Japanese GP: Lewis Hamilton on pole after disastrous Ferrari error
Ferrari and Vettel make critical mistakes; Hamilton on front-row with Bottas
Last Updated: 04/12/18 5:07pm
Lewis Hamilton will start the Japanese GP on pole position with title rival Sebastian Vettel only eighth after a disastrous qualifying for Ferrari.
Ferrari elected for the wrong tyres in changeable conditions at the start of the top-10 shootout.
Vettel, along with team-mate Raikkonen, then ran off track as Ferrari's day unravelled in spectacular fashion.
Vettel's starting position will be his lowest of the season to date as a season which promised so much in mid-summer continues to ebb away into a winter of discontent
"This is not the position we deserve to be in," a stern-faced Vettel told Sky F1 afterwards.
Vettel and Raikkonen were the only drivers to start Q3 on the intermediate tyres. Vettel had barely left the garage before he informed the team they had made a mistake, but the German then made a critical error of his own, slithering wide at the Spoon corner, after belatedly bolting on slick tyres.
"The Ferraris pulled out of the garage on the inters and I honestly didn't think it was the right decision," said Hamilton.
Vettel, unable to complete a second flying lap due to rain, finished the session ninth in the timesheets but will start the race - underway at 6.10am on Sky Sports F1 - from eighth after Esteban Ocon was demoted for driving too quickly during a red-flag stoppage.
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Hamilton, who leads the world championship by 50 points with five races remaining, will be joined on the front-row by Mercedes team-mate Valtteri Bottas for Sunday's race.
Critically, Hamilton stole a march on Bottas through their first Q3 runs, with neither Mercedes driver able to improve on their second flying laps as drizzle descended on Suzuka.
"The call to go out for Q3 was the most difficult call and the team were just spot-on with it and gave us the opportunity to grab this pole position," said Hamilton as he celebrated his 80th F1 pole position.
Hamilton added: "It is so difficult out there to make the right call. I think that's another big difference that we as a team have made this year.
"Everyone has smart people but when it comes to being under pressure, and making the right decisions and right calls, that is why we are the best team in the world."
Max Verstappen was third for Red Bull on a bittersweet day for the former world champions after Daniel Ricciardo was hit by another apparent malfunction on his Renault engine.
Verstappen was asked after the session whether he would dare to battle to Hamilton given the state of the championship fight.
"Is it even a battle anymore?" the Dutchman shot back pointedly.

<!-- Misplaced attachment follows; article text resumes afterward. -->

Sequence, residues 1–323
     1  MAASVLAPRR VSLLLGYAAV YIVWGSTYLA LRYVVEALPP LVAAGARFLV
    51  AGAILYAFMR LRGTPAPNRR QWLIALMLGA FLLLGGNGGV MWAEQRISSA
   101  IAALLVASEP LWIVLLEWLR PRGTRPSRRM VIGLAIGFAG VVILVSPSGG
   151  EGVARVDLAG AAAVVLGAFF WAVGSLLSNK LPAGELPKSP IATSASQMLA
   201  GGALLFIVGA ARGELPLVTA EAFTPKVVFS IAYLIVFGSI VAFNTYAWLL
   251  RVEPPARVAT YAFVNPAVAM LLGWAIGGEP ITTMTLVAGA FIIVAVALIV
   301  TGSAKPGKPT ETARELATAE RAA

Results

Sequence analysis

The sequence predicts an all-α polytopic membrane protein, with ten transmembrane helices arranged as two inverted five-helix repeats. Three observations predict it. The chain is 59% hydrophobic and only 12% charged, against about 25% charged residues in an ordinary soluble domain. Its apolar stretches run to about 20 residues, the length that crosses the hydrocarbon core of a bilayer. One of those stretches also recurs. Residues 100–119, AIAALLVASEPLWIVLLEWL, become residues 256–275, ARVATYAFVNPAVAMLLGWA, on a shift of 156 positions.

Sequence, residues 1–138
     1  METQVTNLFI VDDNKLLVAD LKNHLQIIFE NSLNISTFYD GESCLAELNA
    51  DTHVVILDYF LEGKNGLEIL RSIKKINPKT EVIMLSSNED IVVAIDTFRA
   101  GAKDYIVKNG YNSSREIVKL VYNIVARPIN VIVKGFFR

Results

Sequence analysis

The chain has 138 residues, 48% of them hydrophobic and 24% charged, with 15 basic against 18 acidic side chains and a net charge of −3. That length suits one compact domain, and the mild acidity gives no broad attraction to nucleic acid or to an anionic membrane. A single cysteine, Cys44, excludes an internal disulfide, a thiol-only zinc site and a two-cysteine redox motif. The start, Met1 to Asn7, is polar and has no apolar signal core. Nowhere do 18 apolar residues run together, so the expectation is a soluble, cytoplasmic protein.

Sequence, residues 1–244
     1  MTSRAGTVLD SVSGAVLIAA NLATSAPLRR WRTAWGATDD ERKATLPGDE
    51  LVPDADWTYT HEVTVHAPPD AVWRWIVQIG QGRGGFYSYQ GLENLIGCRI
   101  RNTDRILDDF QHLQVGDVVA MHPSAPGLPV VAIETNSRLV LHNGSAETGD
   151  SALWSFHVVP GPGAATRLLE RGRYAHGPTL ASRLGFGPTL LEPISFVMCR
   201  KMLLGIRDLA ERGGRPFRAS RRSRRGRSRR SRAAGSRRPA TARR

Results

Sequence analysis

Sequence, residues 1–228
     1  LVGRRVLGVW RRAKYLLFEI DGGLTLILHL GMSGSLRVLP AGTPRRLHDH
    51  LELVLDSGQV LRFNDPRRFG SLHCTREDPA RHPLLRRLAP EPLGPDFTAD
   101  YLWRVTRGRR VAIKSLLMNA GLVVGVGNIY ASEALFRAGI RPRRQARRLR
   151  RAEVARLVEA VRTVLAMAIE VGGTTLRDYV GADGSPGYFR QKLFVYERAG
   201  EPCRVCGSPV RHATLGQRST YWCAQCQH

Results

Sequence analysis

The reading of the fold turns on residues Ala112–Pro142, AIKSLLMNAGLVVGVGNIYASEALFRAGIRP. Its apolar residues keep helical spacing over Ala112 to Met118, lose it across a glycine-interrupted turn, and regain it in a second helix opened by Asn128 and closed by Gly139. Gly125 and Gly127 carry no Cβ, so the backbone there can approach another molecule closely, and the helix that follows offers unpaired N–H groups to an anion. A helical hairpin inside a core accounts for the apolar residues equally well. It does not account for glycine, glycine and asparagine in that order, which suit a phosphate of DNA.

How Ferrari's disastrous day unfolded...
* The rain starts falling at the end of Q2, which Vettel finished just three tenths behind Mercedes
* Ferrari make an early decision to send Vettel and Kimi Raikkonen out on intermediate tyres at the start of Q3, while Mercedes wait a bit longer and opt for supersofts for Hamilton and Valtteri Bottas
* "It is dry," said Vettel as he immediately reports that the intermediates are the wrong tyre. "I knew it."
* Ferrari bring Vettel and Raikkonen back in for slick tyres after just one lap. Hamilton, meanwhile, posts the fastest lap of the weekend to seal provisional pole for Mercedes, three tenths ahead of Bottas.
* The conditions worsen again as soon as Ferrari finally start their flying laps on the supersoft tyres.
* Vettel makes a mistake through Spoon and runs off track, finishing his lap in ninth and more than four seconds behind Hamilton. Raikkonen goes fourth, with Max Verstappen third for Red Bull.
* Vettel stays out on track in the hope of getting a competitive lap on the board, but the rain starts lashing it down. Qualifying effectively ends there...
New lows for Ricciardo and McLaren
Only McLaren and Ricciardo rivalled Ferrari's disappointment at the conclusion of an absorbing qualifying hour which featured a high-speed crash for Marcus Ericsson and considerable encouragement for Toro Rosso-Honda at the Japanese engine manufacturer's home event.
Fighting to retain his seat for next season, Brendon Hartley recorded his best result of the season as he took sixth on the grid, a place ahead of team-mate Pierre Gasly, with both Toro Rosso drivers boosted by the introduction of Honda's 'spec three' engine.
But Honda's improvement will have added to the pain at McLaren as F1's fallen superpowers slumped to a new low. But for Ericsson's crash in Q1, Fernando Alonso and Stoffel Vandoorne would have finished flat-last at Suzuka, with McLaren indisputably the slowest team in qualifying.
Ricciardo's misery was even more palpable as the Australian howled with rage and frustration after his Renault engine lost power at the start of Q2. The Australian, who is switching to the Renault works outfit next year, has been out-qualified by Verstappen in each of the 11 events and failed to reach Q3 in five of the last seven.